Though a less skilled painter, Derain also conveys particularity through his sober penetration of Collioure's environs. However, these paintings—The Port of Collioure, Fishing Boats, Collioure, and The Pier at L'Estaque, for example—revert to more traditional methods of engendering depth and space on the canvas. Color remains a prominent feature of their visual systems, but it is relegated to its decorative function. Foreshortening, geometry, and tonality perform much of the actual compositional work in these pieces. While they are less experimental in the areas of form or technique, each scene reveals a breathtaking dedication to specificity. Observe how orange, cream, and cyan brushstrokes coalesce in the sails of Fishing Boats to convey the complexity of an afternoon light. Woman With a Shawl showcases a related study in humanist dissonance. Derain relays the emotional intricacies of her withdrawn demeanor with immediacy and arresting detail but does so through a more conservative use of tonal range.
Compare Derain's work with other portraits in the exhibition, such as Matisse's portrait of Derain and Derain's portrait of Etienne Terrus. Reviewing the latter, Derain paints with a Divisionist technique that draws more attention to the painted surface than the subject himself. His technique advances the avant-garde enterprise of universal expression, which I contrast with the particular forms of expression outlined above, to the detriment of evocative portraiture. Color models depth and structure in Matisse's portrait of Derain, though this detracts from the face's emotive qualities. The landscapes of Matisse (e.g. the Landscape at Collioure series) and his studies for The Joy of Life develop this principle outside of portraiture. Here, color reveals a universal mode of natural composition without specific reference points. Through uniting the objects of nature with painted imagination, Matisse's landscapes suggest an almost placeless depiction of the world as it not yet is. This is not to suggest that they are lesser works, or that expressive particularity necessarily hinders formal innovation. His Nude in a Wood presents an intriguing marriage of the two painterly approaches—color as an expressive and a compositional factor.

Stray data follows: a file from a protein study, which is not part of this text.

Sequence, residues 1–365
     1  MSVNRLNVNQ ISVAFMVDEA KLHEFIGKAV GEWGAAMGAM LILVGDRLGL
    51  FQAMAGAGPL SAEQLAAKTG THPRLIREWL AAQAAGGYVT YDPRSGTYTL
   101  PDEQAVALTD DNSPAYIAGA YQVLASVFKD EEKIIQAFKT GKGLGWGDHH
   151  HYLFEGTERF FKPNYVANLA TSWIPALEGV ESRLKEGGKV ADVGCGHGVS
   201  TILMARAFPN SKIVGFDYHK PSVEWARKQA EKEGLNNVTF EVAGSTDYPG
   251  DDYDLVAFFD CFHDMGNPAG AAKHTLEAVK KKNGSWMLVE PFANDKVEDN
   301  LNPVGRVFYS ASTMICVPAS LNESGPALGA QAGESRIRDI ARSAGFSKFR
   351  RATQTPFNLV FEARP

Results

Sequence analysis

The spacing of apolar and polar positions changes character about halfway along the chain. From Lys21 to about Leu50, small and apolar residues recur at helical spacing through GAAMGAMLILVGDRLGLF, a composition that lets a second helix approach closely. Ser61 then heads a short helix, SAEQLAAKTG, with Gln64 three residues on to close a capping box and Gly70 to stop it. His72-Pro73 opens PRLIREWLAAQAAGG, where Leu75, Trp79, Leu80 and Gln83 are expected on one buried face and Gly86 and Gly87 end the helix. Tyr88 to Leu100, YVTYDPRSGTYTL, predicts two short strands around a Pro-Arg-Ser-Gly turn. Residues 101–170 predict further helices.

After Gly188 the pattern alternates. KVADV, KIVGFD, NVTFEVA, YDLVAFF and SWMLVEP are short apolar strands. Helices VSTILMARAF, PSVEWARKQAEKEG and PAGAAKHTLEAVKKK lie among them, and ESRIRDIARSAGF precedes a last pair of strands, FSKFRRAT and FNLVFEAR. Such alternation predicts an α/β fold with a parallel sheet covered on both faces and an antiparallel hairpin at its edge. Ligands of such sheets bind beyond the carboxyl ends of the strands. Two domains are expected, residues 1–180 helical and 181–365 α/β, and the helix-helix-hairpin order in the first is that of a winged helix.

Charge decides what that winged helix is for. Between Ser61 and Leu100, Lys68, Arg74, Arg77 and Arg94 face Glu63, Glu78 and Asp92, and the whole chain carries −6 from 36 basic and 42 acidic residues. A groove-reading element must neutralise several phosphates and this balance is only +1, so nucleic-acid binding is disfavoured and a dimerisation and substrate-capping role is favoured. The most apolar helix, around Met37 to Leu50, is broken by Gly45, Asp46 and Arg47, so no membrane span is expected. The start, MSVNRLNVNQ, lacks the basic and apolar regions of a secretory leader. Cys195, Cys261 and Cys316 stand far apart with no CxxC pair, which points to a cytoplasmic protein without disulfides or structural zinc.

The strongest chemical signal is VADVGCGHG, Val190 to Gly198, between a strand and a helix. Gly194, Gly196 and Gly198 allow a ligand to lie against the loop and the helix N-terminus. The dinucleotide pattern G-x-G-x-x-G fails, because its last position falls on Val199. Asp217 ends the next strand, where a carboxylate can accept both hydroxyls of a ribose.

Returning to the function of gestalt in visual impression, the juxtaposition of complementary colors as both an expressive and stabilizing strategy results in an enticing contradiction. Matisse hints at this precariousness in his seminal "Notes of a Painter," as he outlines his compositional method. In its sense of measure, each stroke or splotch of color belongs to the canvas and its unique dimensions; the former depends on the latter for its compositional meaning. As stated by Matisse, " modified according to the surface to be covered." Color as a constructive element is a delicate thing. The collection's most durable images, such as Matisse's Open Window, Collioure, retain some degree of draftsmanship in their lining and a bounded particularity. The most expansive and lyrical works, such as La Japonaise beside the Water, achieve universality through the precarious effect of gestalt. An ensemble of colors intimates space and figuration, the collective impression of which is only felt in fleeting moments of total perception. Far from being emblematic of failure, these contradictions compound the human vigor underlying all art as a mediation between the ideal and reality. Through the art of Matisse and Derain, we can recognize universality in stolen glimpses and particularity in permanence.